Singapore Issues Revised E-Guide On Tax Treatment Of Trusts
Monday, January 9, 2012
The Inland Revenue Authority of Singapore (IRAS) has published a revised version
of its e-guide on the income tax treatment of trusts, following the several
new provisions included in the Income Tax Act (ITA) after the publication of
its first e-guide on this topic in 2006.
In the e-guide, the IRAS points out that, currently, the ITA has specific provisions
that deal with the tax treatment of various types of trusts, including real
estate investment trusts, approved unit trusts, foreign trusts, and registered
business trusts. It is confirmed that the tax treatment of trusts which is specifically
provided in the ITA will continue to be governed by the latter’s respective
It is pointed out that the ITA provides that the income of a trust is the statutory
income of the trustee and is chargeable to tax on the trustee. Where a beneficiary
is entitled to the trust income or a share of it, the beneficiary may be taxed
on the entitlement, and allowed a credit for tax already imposed at the trustee
On the other hand, the IRAS may also agree not to charge the trustee with any
tax on the trust income to which the beneficiary is entitled, and subject the
beneficiary to tax on the distribution received (“tax transparent treatment”).
The e-guide confirms the changes made to the tax treatment of trusts following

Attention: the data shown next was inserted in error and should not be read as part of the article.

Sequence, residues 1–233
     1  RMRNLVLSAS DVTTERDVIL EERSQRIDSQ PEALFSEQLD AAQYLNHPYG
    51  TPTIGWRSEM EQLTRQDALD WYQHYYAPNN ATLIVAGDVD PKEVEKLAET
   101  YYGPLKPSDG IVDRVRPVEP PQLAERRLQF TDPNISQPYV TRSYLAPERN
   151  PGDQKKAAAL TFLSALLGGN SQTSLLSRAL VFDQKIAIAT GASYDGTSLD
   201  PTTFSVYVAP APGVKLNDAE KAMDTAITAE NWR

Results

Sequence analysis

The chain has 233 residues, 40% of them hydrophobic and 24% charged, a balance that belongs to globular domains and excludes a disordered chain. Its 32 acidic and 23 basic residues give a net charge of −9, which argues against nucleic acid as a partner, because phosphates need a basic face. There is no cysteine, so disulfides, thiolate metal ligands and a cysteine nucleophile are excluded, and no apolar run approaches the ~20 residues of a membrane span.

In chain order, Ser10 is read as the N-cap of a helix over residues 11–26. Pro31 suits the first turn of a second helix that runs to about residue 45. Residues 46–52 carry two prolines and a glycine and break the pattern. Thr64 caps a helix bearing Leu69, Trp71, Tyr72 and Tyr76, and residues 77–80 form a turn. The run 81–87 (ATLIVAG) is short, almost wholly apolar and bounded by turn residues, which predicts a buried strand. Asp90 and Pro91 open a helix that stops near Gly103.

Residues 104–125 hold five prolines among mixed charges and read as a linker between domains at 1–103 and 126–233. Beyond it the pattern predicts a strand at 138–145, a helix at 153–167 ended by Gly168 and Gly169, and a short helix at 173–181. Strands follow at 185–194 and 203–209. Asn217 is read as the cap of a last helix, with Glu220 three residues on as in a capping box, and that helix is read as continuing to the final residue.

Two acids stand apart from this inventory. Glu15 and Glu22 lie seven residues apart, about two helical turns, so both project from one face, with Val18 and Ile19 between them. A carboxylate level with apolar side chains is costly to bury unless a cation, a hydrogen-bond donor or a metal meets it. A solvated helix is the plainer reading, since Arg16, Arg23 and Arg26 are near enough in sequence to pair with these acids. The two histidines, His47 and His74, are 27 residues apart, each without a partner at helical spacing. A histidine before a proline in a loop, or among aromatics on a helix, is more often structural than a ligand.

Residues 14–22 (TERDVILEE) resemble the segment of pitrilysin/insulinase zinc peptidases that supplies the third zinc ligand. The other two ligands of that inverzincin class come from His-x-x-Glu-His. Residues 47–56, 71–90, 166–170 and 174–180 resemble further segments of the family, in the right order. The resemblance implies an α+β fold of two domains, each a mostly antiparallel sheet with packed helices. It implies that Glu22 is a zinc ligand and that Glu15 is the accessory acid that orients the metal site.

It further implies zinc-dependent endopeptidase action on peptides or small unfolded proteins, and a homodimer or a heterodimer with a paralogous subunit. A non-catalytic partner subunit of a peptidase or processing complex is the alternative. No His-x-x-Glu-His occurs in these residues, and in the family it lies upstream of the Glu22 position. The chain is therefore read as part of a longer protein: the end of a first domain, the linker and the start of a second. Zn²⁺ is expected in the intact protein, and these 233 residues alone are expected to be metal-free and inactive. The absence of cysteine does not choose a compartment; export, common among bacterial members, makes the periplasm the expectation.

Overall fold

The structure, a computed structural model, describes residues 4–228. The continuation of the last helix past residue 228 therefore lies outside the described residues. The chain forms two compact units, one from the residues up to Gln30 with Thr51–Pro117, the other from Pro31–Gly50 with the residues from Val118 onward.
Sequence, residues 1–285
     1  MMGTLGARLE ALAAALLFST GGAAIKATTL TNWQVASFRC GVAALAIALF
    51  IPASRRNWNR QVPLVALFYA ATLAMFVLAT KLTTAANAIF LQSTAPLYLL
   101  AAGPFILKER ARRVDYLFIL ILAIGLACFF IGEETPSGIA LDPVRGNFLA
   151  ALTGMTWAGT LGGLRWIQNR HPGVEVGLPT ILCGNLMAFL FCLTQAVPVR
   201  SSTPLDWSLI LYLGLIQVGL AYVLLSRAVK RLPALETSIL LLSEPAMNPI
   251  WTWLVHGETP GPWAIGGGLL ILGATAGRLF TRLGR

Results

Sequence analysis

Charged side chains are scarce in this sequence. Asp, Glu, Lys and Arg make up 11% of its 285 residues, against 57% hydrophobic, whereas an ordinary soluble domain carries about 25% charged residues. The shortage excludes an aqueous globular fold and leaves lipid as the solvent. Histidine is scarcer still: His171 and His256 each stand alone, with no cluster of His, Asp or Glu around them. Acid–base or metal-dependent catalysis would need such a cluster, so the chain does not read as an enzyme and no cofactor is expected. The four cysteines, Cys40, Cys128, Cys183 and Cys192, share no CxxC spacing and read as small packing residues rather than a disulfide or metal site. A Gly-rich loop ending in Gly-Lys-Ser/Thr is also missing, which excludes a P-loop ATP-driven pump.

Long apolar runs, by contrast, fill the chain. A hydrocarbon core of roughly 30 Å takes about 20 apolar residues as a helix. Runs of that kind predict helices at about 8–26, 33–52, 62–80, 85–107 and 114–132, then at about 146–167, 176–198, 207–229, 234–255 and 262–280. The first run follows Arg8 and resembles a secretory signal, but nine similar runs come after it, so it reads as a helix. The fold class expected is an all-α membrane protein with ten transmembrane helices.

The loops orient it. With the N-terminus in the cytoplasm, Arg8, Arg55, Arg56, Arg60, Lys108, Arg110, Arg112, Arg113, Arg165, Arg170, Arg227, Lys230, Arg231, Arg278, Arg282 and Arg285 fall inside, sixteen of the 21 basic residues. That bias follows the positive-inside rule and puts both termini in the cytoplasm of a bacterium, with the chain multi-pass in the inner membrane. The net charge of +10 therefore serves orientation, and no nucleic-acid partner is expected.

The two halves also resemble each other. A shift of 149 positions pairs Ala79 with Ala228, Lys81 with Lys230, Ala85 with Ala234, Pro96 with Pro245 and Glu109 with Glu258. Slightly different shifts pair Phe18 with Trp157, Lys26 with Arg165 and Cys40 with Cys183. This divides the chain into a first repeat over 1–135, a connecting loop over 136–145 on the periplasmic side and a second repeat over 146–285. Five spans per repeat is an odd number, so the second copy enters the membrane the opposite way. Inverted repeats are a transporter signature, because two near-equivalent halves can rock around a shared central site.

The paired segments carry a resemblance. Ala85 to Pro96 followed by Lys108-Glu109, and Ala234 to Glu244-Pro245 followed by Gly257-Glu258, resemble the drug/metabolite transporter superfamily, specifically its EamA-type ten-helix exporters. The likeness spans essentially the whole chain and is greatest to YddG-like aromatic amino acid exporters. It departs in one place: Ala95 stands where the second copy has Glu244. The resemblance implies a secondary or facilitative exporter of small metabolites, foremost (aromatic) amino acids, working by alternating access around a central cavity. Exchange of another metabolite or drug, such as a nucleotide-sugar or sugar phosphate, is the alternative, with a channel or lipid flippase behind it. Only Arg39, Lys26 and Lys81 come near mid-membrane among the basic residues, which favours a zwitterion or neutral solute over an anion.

questions that were raised in the past. For example, there were requests for
the extension of concessions and exemptions currently available to various income
types derived directly by taxpayers to trust distributions received by beneficiaries.
The first change therefore enables such beneficiaries, who are residents of
Singapore and entitled to the trust income, to be accorded the concessions,
exemptions and foreign tax credits as if the beneficiaries had received the
trust income directly. The IRAS employs the tax transparency treatment such
that no tax is imposed at the trustee level and the beneficiaries are subject
to tax on the distributions received.
While trusts are increasingly being employed as vehicles to carry on trade
or business, it was also considered necessary, from a policy viewpoint, to harmonize
the tax treatment of trusts used for such purposes with that of a company.
A second change in the e-guide therefore ensures that the income from a trade
or business carried on by the trustees is subject to a final tax at the trustee
level. Distributions made out of such income are in the nature of capital and
are not subject to any further tax in the hands of the beneficiaries.